5 Keys to Reefer Durability

October 3, 2019

As a refrigerated carrier, you know that your company’s reputation and profitability rely on protecting your cargo. But between careless forklift drivers and the considerable weight of refrigerated goods, your trailer’s strength is tested daily. The stakes are high, so it’s important to invest in equipment that can stand up against these extreme demands.

Here are five things to look for when purchasing a reefer to ensure a strong, durable and long-lasting trailer.


1. Proper Panel Insulation

The panels of your reefer house one of the most important components of the trailer: the insulation. Insulation helps to maintain the cooled (or heated) air inside of your trailer, keep cargo at proper temperatures, and provides structural integrity for the trailer body. Panel thickness and insulation will vary depending on your operation and geographic location, so it’s important to spec your panels correctly. For instance, a reefer hauling frozen pizzas in Florida is going to need thicker panels and more insulation than a reefer hauling the same frozen pizzas in Michigan. The warmer the climate, the more insulation your reefer will require to hold proper temperatures.

Another thing to consider with your reefer panels is the insulation technique. There are two common processes for installing foam-type insulation: mandrel foaming and panel foaming.

With mandrel foaming, the trailer’s shell is built and then put on a mandrel for the foaming process, so the entire trailer is foamed at the same time. The problem with this process is that it forces the foam to travel around corners, altering the shape of the insulating gas bubbles. This leads to voids and uneven areas with diminished insulation, which can significantly impact the useful life of your reefer.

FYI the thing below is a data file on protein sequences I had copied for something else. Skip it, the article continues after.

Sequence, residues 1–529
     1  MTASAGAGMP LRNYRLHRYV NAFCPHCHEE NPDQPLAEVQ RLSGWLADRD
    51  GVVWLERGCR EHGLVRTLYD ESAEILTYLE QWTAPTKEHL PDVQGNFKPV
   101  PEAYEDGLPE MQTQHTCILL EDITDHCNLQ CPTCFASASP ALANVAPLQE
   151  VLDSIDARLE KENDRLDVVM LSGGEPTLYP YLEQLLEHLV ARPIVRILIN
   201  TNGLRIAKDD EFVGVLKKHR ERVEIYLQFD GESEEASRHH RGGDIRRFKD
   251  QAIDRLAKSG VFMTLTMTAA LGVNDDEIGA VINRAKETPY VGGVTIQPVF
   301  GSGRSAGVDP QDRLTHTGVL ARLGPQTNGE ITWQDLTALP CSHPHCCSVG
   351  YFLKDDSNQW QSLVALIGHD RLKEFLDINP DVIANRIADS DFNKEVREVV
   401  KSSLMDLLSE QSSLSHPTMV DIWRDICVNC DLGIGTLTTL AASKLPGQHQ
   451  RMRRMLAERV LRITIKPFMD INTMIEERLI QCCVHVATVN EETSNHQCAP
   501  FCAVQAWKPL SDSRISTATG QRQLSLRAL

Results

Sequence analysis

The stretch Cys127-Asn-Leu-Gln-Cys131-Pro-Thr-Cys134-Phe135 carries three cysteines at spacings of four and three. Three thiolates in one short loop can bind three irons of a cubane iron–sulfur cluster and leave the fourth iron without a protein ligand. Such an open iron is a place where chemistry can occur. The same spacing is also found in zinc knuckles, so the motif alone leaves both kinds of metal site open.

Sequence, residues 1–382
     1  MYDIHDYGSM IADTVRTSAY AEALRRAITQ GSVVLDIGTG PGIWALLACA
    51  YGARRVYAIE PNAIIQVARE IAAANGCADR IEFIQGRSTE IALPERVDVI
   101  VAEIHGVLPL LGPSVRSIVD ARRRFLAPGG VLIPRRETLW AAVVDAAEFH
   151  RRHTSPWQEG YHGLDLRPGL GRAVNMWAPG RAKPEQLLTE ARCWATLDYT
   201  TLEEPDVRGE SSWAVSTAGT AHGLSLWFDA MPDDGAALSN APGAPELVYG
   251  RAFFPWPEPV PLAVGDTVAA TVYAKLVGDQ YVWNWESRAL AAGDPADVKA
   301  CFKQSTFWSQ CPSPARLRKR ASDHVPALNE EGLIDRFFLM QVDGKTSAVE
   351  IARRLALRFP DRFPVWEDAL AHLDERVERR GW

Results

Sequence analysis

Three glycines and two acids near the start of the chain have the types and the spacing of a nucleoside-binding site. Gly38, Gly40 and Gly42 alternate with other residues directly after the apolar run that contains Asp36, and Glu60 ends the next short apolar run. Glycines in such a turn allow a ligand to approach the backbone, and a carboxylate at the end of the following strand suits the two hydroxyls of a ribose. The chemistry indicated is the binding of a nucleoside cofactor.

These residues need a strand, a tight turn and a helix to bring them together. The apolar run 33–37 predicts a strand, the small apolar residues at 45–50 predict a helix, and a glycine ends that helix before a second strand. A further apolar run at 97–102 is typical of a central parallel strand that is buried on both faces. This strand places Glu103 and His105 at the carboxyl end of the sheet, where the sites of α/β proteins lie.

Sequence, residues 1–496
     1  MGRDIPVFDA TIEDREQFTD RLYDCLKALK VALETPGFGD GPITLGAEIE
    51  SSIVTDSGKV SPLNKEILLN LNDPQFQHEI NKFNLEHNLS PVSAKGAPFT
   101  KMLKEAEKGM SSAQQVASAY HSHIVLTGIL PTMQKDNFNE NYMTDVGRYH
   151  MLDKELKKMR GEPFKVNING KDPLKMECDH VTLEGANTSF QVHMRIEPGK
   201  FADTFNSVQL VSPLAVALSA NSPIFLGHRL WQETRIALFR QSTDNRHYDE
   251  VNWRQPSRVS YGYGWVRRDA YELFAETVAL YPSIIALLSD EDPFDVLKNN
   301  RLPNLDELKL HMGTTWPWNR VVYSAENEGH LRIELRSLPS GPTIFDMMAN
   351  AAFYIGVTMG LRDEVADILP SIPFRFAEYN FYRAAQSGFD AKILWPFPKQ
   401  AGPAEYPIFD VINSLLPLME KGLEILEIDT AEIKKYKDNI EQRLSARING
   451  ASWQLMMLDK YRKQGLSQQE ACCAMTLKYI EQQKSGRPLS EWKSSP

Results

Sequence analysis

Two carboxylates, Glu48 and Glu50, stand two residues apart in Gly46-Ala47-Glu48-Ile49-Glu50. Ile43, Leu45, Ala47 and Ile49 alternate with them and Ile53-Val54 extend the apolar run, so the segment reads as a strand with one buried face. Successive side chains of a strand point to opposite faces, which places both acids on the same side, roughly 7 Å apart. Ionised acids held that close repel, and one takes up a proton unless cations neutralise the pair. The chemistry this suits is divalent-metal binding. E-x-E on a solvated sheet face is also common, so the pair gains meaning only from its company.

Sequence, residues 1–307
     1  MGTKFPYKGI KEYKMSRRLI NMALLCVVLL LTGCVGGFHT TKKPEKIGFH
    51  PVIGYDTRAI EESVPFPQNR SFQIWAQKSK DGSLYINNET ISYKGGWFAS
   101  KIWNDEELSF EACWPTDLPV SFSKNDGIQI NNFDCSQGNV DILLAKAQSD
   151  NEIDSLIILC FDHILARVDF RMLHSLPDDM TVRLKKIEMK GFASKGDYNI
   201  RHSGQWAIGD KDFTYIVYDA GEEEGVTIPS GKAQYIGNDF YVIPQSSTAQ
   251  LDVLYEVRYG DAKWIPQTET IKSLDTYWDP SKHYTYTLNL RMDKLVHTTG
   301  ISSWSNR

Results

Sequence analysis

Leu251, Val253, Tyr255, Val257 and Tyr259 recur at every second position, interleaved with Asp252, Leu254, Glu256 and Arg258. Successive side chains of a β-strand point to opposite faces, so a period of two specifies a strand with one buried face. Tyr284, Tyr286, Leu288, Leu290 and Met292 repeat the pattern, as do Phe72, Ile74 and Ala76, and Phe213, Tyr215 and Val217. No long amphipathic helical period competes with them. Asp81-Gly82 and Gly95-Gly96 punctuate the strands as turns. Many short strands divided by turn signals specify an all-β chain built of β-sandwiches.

Panel foaming, however, is considered the worldwide standard for the most efficient construction of refrigerated trailers. Each panel is inserted into a foam press machine and filled with a precise mixture of insulating foam. As the panels exit the machine, a thermal scan confirms the consistency and fill of the insulating foam. This helps to ensure thermal consistency, even distribution, and very flat walls to ensure extremely thermally-efficient panels.

Be sure to talk to a trailer expert for advice on the right insulation specs for your reefer.


2. Modular Assembly

Another important factor in a trailer’s durability is the way that it’s assembled. Panel-foamed trailers are assembled through a modular construction process. The sidewalls are attached to the roof and floor and sealed at the joints through a bonding process to help protect against moisture and bacteria. This also helps to eliminate gaps between construction areas and creates a continuous blanket of insulation at all connection points. If a roof or sidewall panel gets damaged, modular construction allows for quick and easy replacement of the panel with an equally durable and thermally-consistent panel.


3. Floor Construction

Much like the foundation of a home, your reefer’s floor needs to provide support and insulation, while helping to keep out moisture. When considering a reefer floor, look for one with a high-performance design that will protect cargo by helping to maintain proper temperatures. Also, it’s important to ensure that your reefer floor is not constructed with wood materials as these can deteriorate in moist environments. Composite sills can be used in place of wood to provide maximum support, defense against moisture intrusion, and corrosion resistance. Finally, a highly-durable thermoplastic sub-pan can help prevent road debris from damaging the underside of the floor, which can allow water to seep in, adding undue weight, and causing corrosion or other damage to the trailer.